Function space analysis of deep learning representation layers

10/09/2017 ∙ by Oren Elisha, et al. ∙ 0

In this paper we propose a function space approach to Representation Learning and the analysis of the representation layers in deep learning architectures. We show how to compute a weak-type Besov smoothness index that quantifies the geometry of the clustering in the feature space. This approach was already applied successfully to improve the performance of machine learning algorithms such as the Random Forest and tree-based Gradient Boosting. Our experiments demonstrate that in well-known and well-performing trained networks, the Besov smoothness of the training set, measured in the corresponding hidden layer feature map representation, increases from layer to layer. We also contribute to the understanding of generalization by showing how the Besov smoothness of the representations, decreases as we add more mis-labeling to the training data. We hope this approach will contribute to the de-mystification of some aspects of deep learning.

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1 Introduction

An excellent starting point for this paper is the survey on Representation Learning [3]

. One of the main issues raised in this survey is that simple smoothness assumptions on the data do not hold. That is, there exists a curse of dimensionality and ‘close’ feature representations do not map to ‘similar’ values. The authors write: “We advocate learning algorithms that are flexible and non-parametric but do not rely exclusively on the smoothness assumption”.

In this work we do in fact advocate smoothness analysis of representation layers, yet in line with [3], our notion of smoothness is indeed flexible, adaptive and non-parametric. We rely on geometric multivariate function space theory and use a machinery of Besov ‘weak-type’ smoothness which is robust enough to support quantifying smoothness of high dimensional discontinuous functions.

Although machine learning is mostly associated with the field of statistics we argue that the popular machine learning algorithms such as Support Vector Machines, Tree-Based Gradient Boosting and Random Forest (see e.g

[28]), are in fact closely related to the field of multivariate adaptive approximation theory. In essence, these algorithms work best if there exists geometric structure of clusters in the feature space. If such geometry exists, these algorithms will capture it, by segmenting out the different clusters. We claim that in the absence of such geometry, these machine learning algorithms will fail.

However, this is exactly where Deep Learning (DL) comes into play. In the absence of a geometrical structure in the given initial representation space, the goal of the DL layers is to create a series of transformations from one representation space to the next, where structure of the geometry of the clusters improves sequentially. We quote [10]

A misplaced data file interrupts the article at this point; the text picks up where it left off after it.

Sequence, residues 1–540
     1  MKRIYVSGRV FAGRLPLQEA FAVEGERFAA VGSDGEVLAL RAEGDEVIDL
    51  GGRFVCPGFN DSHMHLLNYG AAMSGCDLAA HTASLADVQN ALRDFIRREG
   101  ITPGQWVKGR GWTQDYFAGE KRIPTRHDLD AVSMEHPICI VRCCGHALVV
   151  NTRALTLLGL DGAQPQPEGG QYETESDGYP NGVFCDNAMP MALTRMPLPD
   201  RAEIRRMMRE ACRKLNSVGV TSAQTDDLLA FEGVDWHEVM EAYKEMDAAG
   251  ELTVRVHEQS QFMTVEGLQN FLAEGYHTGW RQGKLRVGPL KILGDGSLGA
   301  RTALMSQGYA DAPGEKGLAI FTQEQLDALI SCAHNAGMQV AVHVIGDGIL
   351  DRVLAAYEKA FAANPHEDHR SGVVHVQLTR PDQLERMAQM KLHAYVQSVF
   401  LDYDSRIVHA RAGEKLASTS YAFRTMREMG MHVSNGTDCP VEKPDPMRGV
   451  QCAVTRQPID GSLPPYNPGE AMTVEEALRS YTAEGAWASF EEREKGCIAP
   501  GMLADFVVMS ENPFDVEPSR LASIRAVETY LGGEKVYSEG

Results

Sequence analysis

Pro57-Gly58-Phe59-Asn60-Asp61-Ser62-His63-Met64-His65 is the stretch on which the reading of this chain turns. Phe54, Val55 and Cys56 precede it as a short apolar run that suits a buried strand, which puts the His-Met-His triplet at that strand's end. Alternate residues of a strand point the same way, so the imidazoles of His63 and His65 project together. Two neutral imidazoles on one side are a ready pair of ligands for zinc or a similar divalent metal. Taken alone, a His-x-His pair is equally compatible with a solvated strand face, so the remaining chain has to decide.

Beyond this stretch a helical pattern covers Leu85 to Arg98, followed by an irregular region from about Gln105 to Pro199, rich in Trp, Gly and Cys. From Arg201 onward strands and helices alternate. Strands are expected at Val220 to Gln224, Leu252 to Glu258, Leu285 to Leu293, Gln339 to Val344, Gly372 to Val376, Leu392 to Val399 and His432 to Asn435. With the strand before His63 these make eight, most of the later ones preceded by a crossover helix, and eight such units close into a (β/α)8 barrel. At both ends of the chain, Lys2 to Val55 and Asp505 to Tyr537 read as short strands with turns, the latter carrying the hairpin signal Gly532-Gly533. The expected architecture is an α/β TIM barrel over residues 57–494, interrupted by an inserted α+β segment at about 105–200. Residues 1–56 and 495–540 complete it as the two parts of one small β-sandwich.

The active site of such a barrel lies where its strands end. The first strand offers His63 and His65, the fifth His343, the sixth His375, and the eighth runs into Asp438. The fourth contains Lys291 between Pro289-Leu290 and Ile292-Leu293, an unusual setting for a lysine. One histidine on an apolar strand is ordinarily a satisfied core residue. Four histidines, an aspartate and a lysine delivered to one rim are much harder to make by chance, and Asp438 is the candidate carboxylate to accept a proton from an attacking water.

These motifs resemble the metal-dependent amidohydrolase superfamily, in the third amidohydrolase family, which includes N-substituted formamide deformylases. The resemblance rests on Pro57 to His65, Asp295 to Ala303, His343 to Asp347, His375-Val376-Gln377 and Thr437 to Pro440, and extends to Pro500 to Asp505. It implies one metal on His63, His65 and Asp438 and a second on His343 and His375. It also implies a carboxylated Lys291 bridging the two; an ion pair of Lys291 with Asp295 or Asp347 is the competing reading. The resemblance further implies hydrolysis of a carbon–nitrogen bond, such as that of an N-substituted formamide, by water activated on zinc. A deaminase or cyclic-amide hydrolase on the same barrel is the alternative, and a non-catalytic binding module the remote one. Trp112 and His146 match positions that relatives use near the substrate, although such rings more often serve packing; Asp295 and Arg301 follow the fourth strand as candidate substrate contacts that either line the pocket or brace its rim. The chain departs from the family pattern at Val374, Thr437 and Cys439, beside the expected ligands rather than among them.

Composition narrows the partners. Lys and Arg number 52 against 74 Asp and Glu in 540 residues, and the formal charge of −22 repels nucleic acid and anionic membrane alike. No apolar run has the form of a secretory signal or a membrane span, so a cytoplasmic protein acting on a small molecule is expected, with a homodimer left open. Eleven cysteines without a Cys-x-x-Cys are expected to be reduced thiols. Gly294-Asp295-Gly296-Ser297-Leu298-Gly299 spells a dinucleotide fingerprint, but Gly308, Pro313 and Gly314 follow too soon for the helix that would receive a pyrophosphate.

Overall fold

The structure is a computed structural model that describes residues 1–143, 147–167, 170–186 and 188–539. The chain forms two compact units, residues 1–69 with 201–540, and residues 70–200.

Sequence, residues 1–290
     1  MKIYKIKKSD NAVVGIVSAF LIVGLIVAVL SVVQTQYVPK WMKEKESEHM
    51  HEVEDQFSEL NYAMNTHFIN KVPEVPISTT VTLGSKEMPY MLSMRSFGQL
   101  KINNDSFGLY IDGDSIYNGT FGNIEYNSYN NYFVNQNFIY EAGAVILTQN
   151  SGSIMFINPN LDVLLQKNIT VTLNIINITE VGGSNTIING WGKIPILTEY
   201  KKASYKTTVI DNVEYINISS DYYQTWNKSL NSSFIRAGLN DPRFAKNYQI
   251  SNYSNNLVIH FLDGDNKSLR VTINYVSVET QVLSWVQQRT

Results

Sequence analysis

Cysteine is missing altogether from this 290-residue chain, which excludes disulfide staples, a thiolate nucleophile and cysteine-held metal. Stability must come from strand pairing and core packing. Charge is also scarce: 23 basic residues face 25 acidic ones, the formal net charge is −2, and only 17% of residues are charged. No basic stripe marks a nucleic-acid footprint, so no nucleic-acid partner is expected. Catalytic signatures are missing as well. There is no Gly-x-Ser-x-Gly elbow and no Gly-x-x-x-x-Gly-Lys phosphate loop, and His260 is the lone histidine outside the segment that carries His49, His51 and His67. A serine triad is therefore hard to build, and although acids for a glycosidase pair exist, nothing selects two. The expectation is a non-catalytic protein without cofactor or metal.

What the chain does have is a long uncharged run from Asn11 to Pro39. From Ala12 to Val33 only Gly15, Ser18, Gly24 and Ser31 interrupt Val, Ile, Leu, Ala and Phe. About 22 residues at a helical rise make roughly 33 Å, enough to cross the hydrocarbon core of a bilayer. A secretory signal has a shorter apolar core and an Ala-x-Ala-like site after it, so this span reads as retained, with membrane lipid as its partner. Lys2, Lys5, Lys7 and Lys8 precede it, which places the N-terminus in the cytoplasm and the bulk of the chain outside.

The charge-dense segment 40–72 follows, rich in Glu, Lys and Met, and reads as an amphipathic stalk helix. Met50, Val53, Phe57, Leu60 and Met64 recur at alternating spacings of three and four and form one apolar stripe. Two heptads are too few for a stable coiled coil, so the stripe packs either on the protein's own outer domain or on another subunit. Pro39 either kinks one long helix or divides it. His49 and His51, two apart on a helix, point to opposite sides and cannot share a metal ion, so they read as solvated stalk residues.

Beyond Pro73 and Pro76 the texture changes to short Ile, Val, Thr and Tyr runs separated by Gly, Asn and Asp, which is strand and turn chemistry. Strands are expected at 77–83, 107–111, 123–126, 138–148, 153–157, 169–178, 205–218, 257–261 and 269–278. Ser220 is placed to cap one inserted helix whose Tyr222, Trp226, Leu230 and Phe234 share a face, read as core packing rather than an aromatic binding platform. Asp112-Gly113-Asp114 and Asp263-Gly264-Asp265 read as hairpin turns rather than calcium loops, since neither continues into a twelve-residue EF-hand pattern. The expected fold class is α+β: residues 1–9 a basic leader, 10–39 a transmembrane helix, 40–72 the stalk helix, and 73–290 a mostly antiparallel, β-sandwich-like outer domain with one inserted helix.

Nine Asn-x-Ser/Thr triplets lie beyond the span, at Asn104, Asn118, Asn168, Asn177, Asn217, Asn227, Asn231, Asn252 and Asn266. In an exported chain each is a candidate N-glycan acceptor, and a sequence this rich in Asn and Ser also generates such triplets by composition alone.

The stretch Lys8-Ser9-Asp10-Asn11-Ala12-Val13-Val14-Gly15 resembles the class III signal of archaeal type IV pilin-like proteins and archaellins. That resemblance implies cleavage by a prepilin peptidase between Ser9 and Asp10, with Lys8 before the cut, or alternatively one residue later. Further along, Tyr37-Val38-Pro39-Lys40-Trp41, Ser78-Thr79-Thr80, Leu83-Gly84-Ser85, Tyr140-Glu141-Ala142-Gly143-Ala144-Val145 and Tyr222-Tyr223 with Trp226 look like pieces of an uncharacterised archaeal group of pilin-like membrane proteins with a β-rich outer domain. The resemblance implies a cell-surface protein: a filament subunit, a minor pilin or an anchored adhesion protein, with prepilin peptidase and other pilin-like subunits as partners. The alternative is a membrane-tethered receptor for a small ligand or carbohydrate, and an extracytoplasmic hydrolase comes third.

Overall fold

: “The whole process of applying this complex geometric transformation to the input data can be visualized in 3D by imagining a person trying to uncrumple a paper ball: the crumpled paper ball is the manifold of the input data that the model starts with. Each movement operated by the person on the paper ball is similar to a simple geometric transformation operated by one layer. The full uncrumpling gesture sequence is the complex transformation of the entire model. Deep learning models are mathematical machines for uncrumpling complicated manifolds of high-dimensional data”.

Let us provide an instructive example: Assume we are presented with a set of gray-scale images of dimension with

class labels. Assume further that a DL network has been successfully trained to classify these images with relatively high precision. This allows us to extract the representation of each image in each of the hidden layers. To create a representation at layer

, we concatenate the rows of pixel values of each image, to create a vector of dimension . We also normalize the pixel values to the range . Since we advocate a function-theoretical approach, we transform the class labels into vector-values in the space by assigning each label to a vertex of a standard simplex (see Section 2 below). Thus, the images are considered as samples of a function . In the general case, there is no hope that there exists geometric clustering of the classes in this initial feature space and that has sufficient ‘weak-type’ smoothness (as is verified by our experiments below). Thus, a transform into a different feature space is needed. We thus associate with each -th layer of a DL network, a function where the samples are vectors created by normalizing and concatenating the feature maps computed from each of the images. Interestingly enough, although the series of functions are embedded in different dimensions , through the simple normalizing of the features, our method is able to assign smoothness indices to each layer that are comparable. We claim that for well performing networks, the representations in general ‘improve’ from layer to layer and that our method captures this phenomena and shows the increase of smooothness.